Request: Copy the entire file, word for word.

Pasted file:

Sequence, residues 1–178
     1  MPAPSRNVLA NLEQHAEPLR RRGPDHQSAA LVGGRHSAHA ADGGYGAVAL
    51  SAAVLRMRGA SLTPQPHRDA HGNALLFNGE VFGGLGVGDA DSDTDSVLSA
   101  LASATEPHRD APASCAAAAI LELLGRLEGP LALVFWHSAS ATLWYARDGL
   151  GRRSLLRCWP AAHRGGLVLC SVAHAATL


Sequence, residues 1–178
     1  MPAPSRNVLA NLEQHAEPLR RRGPDHQSAA LVGGRHSAHA ADGGYGAVAL
    51  SAAVLRMRGA SLTPQPHRDA HGNALLFNGE VFGGLGVGDA DSDTDSVLSA
   101  LASATEPHRD APASCAAAAI LELLGRLEGP LALVFWHSAS ATLWYARDGL
   151  GRRSLLRCWP AAHRGGLVLC SVAHAATL